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My son starts high school real soon. This brings about a whole new experience for my son. And honestly for me. On one hand I'm excited for him. It's going to be great. On the other hand it's a huge change. There will be a new group of kids and young adults. I'm nervous. This will be the first year he takes the public bus home. One of the kids he goes home with bullied him. I know it's time for me to let go a bit. But I also want to be open to talk to him about what I consider dangerous or just plain wrong. Like drugs or unprotected sex or riding in cars. I could go on and on and on even more. I'm speaking about here because I don't want him to pick up what I'm feeling. He's my last child at home. I have two other sons and a daughter. One of my other boys is leaving for Africa in October. I have bipolar and high anxiety. So it just sits in my mind and festers. Not to mention his good friend. I'd have to make a whole new post just to explain that! My son will also be interacting with the older kids due to some of his classes. I'm just feeling a little out of control. Sorry it's all over the place. I hope you could keep up!
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by on Aug. 25, 2012 at 7:25 PM
Replies (11-11):
RubyQ
by Gold sister on Aug. 26, 2012 at 10:38 AM
1 mom liked this

 One of the best things we can give our children is perspective. We can't make their choices for them, we can't prevent them from seeing others' bad choices, we can't be there every step of the way to shield them from even having choices between good and bad people or situations that will cross their path. But if you can give them perspective, this will go a long way to helping them navigate these things themselves, and make it through intact.

  Keep talking! Not just to reiterate what you expect, but why. Lots of opportunites to talk present themselves when your son brings up minor things at school or comments about friends. It doesn't have to be a formal sit down thing.

  Remind him that high school may seem like a huge world, but it is microscopic in relation to the rest of his life; but unfortunately, a lot of decisions made in this small word can greatly affect the rest of his life. Remind him that he is going to see a lot kids making bad choices for themselves, that those choices might seem 'the norm' and that lots of kids can have an idea, and it's still a bad idea. Talk about what those choices might be and discuss the reasons why they might be doing these things. Talk about what he might/ might not do when faced with choices,and why, in relation to the rest of his life.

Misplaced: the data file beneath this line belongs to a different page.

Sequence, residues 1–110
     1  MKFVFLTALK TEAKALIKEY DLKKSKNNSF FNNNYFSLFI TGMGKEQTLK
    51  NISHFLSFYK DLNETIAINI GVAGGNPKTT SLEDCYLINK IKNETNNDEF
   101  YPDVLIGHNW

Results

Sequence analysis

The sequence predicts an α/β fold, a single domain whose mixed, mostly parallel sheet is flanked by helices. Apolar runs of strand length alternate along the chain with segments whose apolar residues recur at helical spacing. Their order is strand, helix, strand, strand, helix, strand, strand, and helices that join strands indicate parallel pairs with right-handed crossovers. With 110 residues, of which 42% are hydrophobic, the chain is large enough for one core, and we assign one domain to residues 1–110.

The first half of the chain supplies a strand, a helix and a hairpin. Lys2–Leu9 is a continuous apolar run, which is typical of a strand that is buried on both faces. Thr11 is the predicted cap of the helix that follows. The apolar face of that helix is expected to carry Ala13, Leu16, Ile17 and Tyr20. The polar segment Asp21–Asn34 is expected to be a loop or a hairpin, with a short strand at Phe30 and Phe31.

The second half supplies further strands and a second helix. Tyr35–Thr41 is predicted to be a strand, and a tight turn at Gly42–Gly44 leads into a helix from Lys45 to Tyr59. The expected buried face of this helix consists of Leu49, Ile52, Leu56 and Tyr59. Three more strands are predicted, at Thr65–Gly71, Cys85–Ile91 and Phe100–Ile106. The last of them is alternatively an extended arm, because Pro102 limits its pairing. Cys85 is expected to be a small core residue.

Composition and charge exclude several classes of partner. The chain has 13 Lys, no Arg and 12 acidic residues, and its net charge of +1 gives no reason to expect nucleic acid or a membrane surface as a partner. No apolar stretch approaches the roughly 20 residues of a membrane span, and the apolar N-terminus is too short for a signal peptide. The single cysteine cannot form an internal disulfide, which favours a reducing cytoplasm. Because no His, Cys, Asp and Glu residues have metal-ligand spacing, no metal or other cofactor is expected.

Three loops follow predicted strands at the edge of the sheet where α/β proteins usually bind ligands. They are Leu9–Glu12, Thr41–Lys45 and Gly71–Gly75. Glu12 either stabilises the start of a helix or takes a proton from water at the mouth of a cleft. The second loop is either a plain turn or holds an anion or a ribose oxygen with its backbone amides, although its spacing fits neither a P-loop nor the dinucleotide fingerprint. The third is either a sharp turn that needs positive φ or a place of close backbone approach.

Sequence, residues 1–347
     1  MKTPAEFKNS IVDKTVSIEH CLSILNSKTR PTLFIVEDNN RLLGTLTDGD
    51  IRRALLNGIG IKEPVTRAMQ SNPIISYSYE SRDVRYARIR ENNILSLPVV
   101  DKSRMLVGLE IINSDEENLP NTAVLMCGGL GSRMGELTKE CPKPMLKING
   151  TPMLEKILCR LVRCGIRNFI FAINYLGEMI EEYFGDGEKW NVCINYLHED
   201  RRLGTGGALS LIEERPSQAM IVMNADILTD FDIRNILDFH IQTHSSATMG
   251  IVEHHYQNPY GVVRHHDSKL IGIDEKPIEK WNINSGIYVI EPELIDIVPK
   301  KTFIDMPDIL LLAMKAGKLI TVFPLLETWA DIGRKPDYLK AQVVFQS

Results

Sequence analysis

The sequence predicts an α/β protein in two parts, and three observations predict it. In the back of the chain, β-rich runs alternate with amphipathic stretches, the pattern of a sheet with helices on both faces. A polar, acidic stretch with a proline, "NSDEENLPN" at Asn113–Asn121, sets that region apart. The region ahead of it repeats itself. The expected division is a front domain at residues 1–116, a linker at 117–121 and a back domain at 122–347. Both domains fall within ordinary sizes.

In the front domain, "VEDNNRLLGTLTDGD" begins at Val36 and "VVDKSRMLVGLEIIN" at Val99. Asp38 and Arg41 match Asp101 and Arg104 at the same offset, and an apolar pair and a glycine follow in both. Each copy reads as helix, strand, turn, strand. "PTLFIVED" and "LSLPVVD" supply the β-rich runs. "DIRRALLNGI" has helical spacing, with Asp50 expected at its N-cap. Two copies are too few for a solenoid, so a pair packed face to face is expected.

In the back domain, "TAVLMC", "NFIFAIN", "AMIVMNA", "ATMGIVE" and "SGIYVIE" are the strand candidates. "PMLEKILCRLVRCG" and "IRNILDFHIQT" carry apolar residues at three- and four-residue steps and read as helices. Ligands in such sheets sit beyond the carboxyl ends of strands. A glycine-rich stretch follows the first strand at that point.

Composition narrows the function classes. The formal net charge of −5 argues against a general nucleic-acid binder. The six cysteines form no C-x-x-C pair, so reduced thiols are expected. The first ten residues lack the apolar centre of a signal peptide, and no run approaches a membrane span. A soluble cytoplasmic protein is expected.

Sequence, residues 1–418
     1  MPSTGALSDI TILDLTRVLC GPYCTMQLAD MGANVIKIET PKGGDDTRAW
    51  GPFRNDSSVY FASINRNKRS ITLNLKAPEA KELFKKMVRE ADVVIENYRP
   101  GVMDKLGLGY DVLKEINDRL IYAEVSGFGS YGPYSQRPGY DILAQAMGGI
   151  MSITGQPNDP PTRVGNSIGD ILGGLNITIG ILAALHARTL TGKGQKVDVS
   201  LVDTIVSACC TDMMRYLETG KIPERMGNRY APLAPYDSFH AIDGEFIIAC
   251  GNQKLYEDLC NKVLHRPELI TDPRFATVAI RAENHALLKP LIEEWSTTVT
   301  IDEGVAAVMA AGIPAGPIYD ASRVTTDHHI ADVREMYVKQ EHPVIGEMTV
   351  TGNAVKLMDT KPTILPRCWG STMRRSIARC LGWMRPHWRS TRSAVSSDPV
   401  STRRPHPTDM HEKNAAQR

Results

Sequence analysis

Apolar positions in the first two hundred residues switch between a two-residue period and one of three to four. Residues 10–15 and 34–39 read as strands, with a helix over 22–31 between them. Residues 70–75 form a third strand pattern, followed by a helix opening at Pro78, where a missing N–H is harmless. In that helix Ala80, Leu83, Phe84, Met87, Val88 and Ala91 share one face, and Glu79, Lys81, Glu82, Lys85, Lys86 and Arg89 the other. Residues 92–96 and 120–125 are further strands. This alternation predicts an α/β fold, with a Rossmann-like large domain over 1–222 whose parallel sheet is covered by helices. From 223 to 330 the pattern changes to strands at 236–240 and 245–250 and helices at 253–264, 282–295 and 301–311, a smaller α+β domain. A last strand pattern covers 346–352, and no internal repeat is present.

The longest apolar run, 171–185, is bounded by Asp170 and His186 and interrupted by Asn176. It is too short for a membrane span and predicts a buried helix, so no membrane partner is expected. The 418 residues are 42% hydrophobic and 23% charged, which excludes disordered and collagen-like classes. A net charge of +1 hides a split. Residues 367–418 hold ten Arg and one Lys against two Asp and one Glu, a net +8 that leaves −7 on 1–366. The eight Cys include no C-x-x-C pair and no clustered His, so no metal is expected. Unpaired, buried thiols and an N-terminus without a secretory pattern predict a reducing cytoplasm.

Remind him that he's going to see a lot kids making good choices for themselves, how it affecting them, and how it is going to affect their future. Let him know you trust him to make good choices. This is important. Kids often become what they know we expect of them. If we treat them as unable to make good decisions on their own--they won't. Or they'll have a good excuse not to.

 In every chance discussion, just try and offer perspective--that high school isn't his whole world--it's a mere stepping stone to the rest of his world. High school is four years--the rest of his life is 20 times that.  Don't let anyone, or short term, unimportant things, derail you from the rest of your life or derail you from yourself. Other people and friends, no matter how close they seem, will not have to live the rest of your life--you will. 

  Giving kids a chance to see how their choices affect the rest of the world, too, is very helpful. It expands their perspective, allowing them to realize the world doesn't revolove around them and they'd better be prepared, by the choices they make now, to get a place in it . It won't come to them--they have to go to it.

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